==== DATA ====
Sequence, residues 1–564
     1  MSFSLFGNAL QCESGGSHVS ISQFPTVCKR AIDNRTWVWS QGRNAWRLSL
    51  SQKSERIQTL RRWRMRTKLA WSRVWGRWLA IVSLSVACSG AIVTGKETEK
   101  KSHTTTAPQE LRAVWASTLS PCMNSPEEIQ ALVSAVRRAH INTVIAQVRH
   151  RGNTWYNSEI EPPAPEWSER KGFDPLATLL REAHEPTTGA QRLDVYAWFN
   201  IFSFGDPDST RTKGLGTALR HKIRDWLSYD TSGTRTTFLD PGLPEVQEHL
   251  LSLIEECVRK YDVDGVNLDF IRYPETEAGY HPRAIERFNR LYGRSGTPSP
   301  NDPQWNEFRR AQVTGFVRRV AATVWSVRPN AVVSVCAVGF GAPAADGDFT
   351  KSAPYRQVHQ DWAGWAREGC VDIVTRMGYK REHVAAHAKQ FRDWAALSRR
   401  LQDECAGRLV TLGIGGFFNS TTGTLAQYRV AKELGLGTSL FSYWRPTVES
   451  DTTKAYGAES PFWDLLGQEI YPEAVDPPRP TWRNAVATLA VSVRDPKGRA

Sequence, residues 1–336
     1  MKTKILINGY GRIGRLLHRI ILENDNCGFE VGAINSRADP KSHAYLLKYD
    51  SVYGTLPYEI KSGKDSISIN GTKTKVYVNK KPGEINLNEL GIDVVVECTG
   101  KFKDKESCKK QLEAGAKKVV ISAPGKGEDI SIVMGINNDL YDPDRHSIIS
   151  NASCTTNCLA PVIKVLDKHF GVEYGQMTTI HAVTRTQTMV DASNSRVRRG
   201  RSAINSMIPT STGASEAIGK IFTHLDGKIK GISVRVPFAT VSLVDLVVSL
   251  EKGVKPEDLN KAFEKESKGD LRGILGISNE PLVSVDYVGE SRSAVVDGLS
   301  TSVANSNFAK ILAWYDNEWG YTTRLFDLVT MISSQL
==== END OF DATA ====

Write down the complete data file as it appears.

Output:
Sequence, residues 1–564
     1  MSFSLFGNAL QCESGGSHVS ISQFPTVCKR AIDNRTWVWS QGRNAWRLSL
    51  SQKSERIQTL RRWRMRTKLA WSRVWGRWLA IVSLSVACSG AIVTGKETEK
   101  KSHTTTAPQE LRAVWASTLS PCMNSPEEIQ ALVSAVRRAH INTVIAQVRH
   151  RGNTWYNSEI EPPAPEWSER KGFDPLATLL REAHEPTTGA QRLDVYAWFN
   201  IFSFGDPDST RTKGLGTALR HKIRDWLSYD TSGTRTTFLD PGLPEVQEHL
   251  LSLIEECVRK YDVDGVNLDF IRYPETEAGY HPRAIERFNR LYGRSGTPSP
   301  NDPQWNEFRR AQVTGFVRRV AATVWSVRPN AVVSVCAVGF GAPAADGDFT
   351  KSAPYRQVHQ DWAGWAREGC VDIVTRMGYK REHVAAHAKQ FRDWAALSRR
   401  LQDECAGRLV TLGIGGFFNS TTGTLAQYRV AKELGLGTSL FSYWRPTVES
   451  DTTKAYGAES PFWDLLGQEI YPEAVDPPRP TWRNAVATLA VSVRDPKGRA

Sequence, residues 1–336
     1  MKTKILINGY GRIGRLLHRI ILENDNCGFE VGAINSRADP KSHAYLLKYD
    51  SVYGTLPYEI KSGKDSISIN GTKTKVYVNK KPGEINLNEL GIDVVVECTG
   101  KFKDKESCKK QLEAGAKKVV ISAPGKGEDI SIVMGINNDL YDPDRHSIIS
   151  NASCTTNCLA PVIKVLDKHF GVEYGQMTTI HAVTRTQTMV DASNSRVRRG
   201  RSAINSMIPT STGASEAIGK IFTHLDGKIK GISVRVPFAT VSLVDLVVSL
   251  EKGVKPEDLN KAFEKESKGD LRGILGISNE PLVSVDYVGE SRSAVVDGLS
   301  TSVANSNFAK ILAWYDNEWG YTTRLFDLVT MISSQL